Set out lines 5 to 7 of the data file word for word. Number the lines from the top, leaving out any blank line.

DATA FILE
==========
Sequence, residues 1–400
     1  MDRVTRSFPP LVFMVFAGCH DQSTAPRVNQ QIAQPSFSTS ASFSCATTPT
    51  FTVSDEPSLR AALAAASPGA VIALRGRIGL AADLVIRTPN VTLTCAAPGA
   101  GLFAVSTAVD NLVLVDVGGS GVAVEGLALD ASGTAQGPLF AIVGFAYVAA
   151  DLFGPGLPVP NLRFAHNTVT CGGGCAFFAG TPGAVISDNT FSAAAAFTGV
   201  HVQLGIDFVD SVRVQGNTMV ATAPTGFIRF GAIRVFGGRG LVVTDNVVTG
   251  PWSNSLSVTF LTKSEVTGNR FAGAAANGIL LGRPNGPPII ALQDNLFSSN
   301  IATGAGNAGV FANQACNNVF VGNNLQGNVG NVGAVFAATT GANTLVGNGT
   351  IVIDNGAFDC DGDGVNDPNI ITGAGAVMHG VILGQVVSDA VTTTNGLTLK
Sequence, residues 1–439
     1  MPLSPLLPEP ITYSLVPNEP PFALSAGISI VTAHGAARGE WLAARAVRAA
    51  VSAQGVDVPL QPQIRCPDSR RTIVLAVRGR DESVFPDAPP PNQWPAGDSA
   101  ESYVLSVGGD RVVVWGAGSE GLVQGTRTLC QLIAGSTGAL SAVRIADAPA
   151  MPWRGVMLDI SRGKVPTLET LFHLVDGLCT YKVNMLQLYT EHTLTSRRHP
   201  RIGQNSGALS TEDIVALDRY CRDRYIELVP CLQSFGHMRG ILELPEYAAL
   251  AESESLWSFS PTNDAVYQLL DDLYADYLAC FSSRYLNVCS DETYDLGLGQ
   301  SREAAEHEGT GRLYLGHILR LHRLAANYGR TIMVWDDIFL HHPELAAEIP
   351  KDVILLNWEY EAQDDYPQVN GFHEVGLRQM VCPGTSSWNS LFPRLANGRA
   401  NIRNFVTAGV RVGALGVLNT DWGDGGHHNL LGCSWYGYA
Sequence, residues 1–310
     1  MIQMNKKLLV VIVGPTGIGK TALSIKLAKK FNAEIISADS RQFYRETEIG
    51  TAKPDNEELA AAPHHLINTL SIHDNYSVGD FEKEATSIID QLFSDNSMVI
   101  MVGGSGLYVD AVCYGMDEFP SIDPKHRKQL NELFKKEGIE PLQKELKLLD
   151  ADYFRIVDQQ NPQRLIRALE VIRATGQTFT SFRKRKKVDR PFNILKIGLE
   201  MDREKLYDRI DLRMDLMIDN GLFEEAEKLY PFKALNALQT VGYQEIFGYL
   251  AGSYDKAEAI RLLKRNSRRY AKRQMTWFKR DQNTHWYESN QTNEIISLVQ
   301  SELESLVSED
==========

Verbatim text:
   151  DLFGPGLPVP NLRFAHNTVT CGGGCAFFAG TPGAVISDNT FSAAAAFTGV
   201  HVQLGIDFVD SVRVQGNTMV ATAPTGFIRF GAIRVFGGRG LVVTDNVVTG
   251  PWSNSLSVTF LTKSEVTGNR FAGAAANGIL LGRPNGPPII ALQDNLFSSN